Traveling to Europe? Have you considered the Tick Borne Encephalitis vaccination?

Tick Borne Encephalitis is a potentially fatal disease that is spread via the bite of an infected tick.  The Tick Borne Encephalitis disease is present in parts of Europe, including Germany, Czech Republic, Slovakia, Scandinavia and the Baltics.  It is also present in parts of Russia and Asia including China and Japan.  Whilst Tick Borne Encephalitis is mainly found in rural areas, more recently cases have been springing up in cities due to infected ticks living in urban parks.

A tick is a small parasite that is similar to a tiny spider.  They can latch onto the skin and feed from your blood and it is during this process that the Tick Borne Encephalitis infection can be transmitted.  If you do spot a tick on your skin it is best to remove them using tweezers as quickly as possible and clean the area thoroughly.

Symptoms include:

-  Headache.

-  Muscle and joint pain.

-  Fever.

-  Fatigue.

These symptoms normally last for around 8 days before clearing up and treatment is centred around controlling the symptoms.  There is no specific cure for Tick Borne Encephalitis.  Paracetamol can be given to manage high temperature, aches and pains. Ibuprofen can also be given in conjunction with Paracetamol to help reduce any muscle aches associated with Tick Borne Encephalitis. It is essential that an infected person rests and remains well hydrated whilst they recover.

If the Tick Borne Encephalitis virus spreads to the brain then it can turn into a more serious form of the disease. Advanced symptoms include:

-  Not being able to speak.

-  Paralysis.

-  Confusion and disorientation.

-  Seizures.

At this stage hospitalisation is usually necessary and recovery time may be extended to a few weeks, depending on the severity of the person affected.  Around one in one hundred cases of humans contracting Tick Borne Encephalitis are fatal.

Prevention:

Although it may sound somewhat obvious, avoiding contracting the Tick Borne Encephalitis disease in the first place is always going to be the safest approach.

There are a number of things you can do to prevent contraction:

- Wear long loose clothing and tuck bottoms of trousers into socks to deter ticks from crawling up the leg.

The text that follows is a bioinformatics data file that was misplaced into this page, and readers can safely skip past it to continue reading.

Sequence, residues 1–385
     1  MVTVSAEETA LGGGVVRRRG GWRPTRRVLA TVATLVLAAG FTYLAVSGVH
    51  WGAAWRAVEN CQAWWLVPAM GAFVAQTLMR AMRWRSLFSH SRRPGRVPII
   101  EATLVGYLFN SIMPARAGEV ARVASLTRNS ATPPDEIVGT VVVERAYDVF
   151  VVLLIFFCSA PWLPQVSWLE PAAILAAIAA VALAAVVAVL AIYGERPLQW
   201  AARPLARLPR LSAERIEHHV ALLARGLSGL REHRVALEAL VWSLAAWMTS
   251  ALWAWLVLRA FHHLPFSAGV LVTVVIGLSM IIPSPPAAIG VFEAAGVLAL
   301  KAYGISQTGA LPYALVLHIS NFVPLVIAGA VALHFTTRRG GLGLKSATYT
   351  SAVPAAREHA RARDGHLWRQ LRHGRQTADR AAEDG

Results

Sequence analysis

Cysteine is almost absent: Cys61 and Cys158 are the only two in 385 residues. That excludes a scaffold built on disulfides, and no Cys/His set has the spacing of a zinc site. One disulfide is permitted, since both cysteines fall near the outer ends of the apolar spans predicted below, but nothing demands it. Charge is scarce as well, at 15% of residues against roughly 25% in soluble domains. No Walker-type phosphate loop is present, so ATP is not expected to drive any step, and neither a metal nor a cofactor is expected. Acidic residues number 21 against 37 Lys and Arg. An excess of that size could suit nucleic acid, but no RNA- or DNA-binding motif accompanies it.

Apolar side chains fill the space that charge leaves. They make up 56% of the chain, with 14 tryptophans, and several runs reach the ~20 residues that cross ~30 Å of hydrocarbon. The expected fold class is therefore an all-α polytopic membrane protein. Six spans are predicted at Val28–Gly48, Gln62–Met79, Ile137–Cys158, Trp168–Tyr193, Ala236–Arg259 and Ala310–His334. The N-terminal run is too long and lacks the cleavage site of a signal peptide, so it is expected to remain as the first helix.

-  Soak your clothes in a solution called Permethrin (you can purchase online).  This solution makes sure that it kills any bug that comes in contact with it immediately.

-  Use an insect repellent on any exposed skin.

-  Be sure to check your skin regularly for ticks and remove them immediately.  They inject a mild anaesthetic when they bite so you might not always feel it!

Vaccination:

There is a Tick Borne Encephalitis vaccine that is available to both adults and children and is highly effective. Whilst vaccination is not necessarily advised for all travellers to Europe, it may be advised for those planning on camping or spending extended periods in affected areas including some urban areas.  The Tick Borne Encephalitis vaccination is given as a course of 3.  The first 2 doses must be given at least 2 weeks apart so ensure you prepare at least 2 weeks before you travel.  The third dose is then given 5 months and later and this final dose then ensures the vaccines lasts 3 years.  After completing the course once, only booster doses are required in the future, so it is worth completing the course if you intend to travel in the future. Information about all our vaccine prices can be found here.

 

Call us to book your appointment and reserve your Tick Borne Encephalitis vaccine now!

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